THE BASICS: THE FATHER, a one-act drama by Florian Zeller, directed by Robert Waterhouse, starring David Lamb opened on April 28th and runs through May 14th, note the short run, Thursdays and Fridays at 7:30 p.m., Saturdays at both 3:30 & 7:30, and Sundays at 2 at the Kavinoky Theatre, 320 Porter Avenue on the D’Youville College campus. Wine and beer, fruit and cheese plates, big cookies, coffee available for one hour BEFORE each one-act performance. Runtime: 90 minutes without intermission (829-7668) www.kavinokytheatre.com
THUMBNAIL SKETCH: There’s André whose dementia is growing worse, his adult daughter Anne struggling to balance marriage, work, and caring for her dad, and four other characters. Who are they? Ah, that’s what makes this play so special. We see them as André sees them because we are inside André’s mind, where things that were so clear to us, suddenly aren’t. People we thought we knew, we don’t. People we don’t recognize insist that we must know them. It’s a drama, but André’s brain is turning his everyday reality into farce (improbable situations, quick entrances and exits of characters, mistaken identities). But, this is tragic farce.
THE PLAYERS, THE PLAY, AND THE PRODUCTION: Dementia is a brutal disease. I know, because it affected my mom. You lose your loved ones over and over, the death by a thousand cuts. The “big one” is not death. The big one is the day your mom looks you in the eye and asks who you are. And she’s not joking. The physical death, when it comes, is described as “a blessing.” Maybe it is. I wasn’t my mom’s primary caregiver for the final years, my dad was, and his world shrank as hers did, until she finally lived in a tiny physical triangle of bathroom, bed, and kitchen table. Bathroom, bed, and kitchen table.
Words lose their meaning even though the human desire to communicate is there. As André says: “I feel as if I’m losing all my leaves.”
The caregivers are exhausted, but what do we know about the sufferer, the one losing those leaves? Not much. You can ask, but you probably won’t understand the answer. There is a famous analogy by Plato about prisoners in a cave who know only shadows on a wall from which they try to create reality. What if those prisoners could see their entire situation? What if they could see what is “Real” (capital R). Here is my big “take away” from watching THE FATHER. When dealing with those with dementia, we too are prisoners, trying to make sense of ravings and fragments, flickers that seem real, words that sound familiar, shadows that, if we hope hard enough, might let us in on the big secret, the big Real that eludes us.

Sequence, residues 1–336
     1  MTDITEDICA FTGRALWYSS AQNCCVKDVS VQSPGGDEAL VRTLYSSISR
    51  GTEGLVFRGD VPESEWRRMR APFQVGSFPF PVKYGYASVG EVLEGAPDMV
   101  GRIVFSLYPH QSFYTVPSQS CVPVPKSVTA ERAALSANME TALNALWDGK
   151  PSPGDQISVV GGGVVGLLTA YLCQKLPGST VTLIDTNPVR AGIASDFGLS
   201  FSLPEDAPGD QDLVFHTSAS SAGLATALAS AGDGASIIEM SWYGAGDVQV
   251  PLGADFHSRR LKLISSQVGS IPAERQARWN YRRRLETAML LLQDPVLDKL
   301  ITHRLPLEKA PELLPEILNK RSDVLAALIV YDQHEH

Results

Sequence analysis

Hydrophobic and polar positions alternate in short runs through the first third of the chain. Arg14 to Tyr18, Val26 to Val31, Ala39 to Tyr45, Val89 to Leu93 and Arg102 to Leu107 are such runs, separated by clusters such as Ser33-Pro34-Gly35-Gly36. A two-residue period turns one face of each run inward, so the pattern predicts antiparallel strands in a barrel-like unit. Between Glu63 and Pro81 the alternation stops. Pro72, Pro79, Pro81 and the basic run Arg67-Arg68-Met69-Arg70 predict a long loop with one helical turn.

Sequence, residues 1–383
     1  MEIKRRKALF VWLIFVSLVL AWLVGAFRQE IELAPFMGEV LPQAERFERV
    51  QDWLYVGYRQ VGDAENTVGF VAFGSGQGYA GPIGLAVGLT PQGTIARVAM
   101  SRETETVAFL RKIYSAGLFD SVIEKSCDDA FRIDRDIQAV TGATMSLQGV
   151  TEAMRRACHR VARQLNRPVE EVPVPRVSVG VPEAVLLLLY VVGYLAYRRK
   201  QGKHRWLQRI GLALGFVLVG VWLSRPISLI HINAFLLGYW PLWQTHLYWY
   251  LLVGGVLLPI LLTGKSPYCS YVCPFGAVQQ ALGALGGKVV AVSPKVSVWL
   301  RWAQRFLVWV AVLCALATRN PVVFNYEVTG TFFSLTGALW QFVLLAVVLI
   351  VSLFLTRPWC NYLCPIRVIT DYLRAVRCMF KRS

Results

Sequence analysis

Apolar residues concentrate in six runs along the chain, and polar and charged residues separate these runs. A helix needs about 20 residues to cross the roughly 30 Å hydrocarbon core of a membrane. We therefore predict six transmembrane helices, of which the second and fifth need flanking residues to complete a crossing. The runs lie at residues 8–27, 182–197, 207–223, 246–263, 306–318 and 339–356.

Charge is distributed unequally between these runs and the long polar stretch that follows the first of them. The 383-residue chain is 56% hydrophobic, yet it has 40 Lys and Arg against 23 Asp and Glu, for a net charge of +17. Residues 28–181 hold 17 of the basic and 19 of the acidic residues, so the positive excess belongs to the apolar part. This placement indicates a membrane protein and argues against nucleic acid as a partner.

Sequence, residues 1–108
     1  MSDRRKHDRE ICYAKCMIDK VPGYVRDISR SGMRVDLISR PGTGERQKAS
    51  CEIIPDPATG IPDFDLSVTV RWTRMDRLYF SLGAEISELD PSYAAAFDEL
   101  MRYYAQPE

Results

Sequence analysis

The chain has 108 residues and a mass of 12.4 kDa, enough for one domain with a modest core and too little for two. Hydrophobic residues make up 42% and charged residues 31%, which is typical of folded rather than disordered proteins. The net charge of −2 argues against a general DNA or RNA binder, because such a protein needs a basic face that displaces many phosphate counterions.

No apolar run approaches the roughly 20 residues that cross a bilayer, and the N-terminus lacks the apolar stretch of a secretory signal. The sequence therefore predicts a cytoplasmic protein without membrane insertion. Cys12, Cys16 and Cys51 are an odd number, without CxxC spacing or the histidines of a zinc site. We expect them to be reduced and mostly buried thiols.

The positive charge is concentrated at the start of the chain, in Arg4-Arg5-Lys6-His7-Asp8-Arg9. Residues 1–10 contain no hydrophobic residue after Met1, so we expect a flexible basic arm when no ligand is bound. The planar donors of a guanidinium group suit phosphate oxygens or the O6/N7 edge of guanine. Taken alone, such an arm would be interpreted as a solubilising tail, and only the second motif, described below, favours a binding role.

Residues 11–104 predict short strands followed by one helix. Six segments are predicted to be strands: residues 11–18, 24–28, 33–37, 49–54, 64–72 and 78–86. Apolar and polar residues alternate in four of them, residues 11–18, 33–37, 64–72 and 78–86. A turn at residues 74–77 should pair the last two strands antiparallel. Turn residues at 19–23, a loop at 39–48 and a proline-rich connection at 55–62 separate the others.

In this play, we discover what it feels like from the other side when one’s gears start to slip, and who knows if that’s not an apt expression, especially if we think of old Swiss watches that had actual gears.
In this play, we discover what it feels like from the other side when one’s gears start to slip, and who knows if that’s not an apt expression, especially if we think of old Swiss watches that had actual gears. (In the play, André is forever losing his wrist watch, but assuring everyone that he owns two – the one on his wrist and the one in his mind. And he continues to lose track of both.)
Of course, modern watches don’t have gears. They have a quartz crystal which oscillates at a precise frequency: 32,768 times each second. So, instead of gears slipping, what if that frequency were randomized? Has it been five minutes or five years? As it describes dementia in the program notes we read that: “… loved ones grow unfamiliar, and chronology – along with the watch in André’s head – is shattered.”
There is an overall dramatic arc in THE FATHER, or rather a jagged line sloping inexorably downhill. We first meet André on stage, fully dressed and shaved, in an apartment full of furniture and familiar tchotchkes. Later in the play he never gets out of his pajamas, nor does he shave, and watch how his environment keeps slipping away at the edges. Director Robert Waterhouse has the entrances and exits of his six characters timed to the second and has worked cleverly with David King’s set to convincingly portray that sense of loss, that closing in of your world.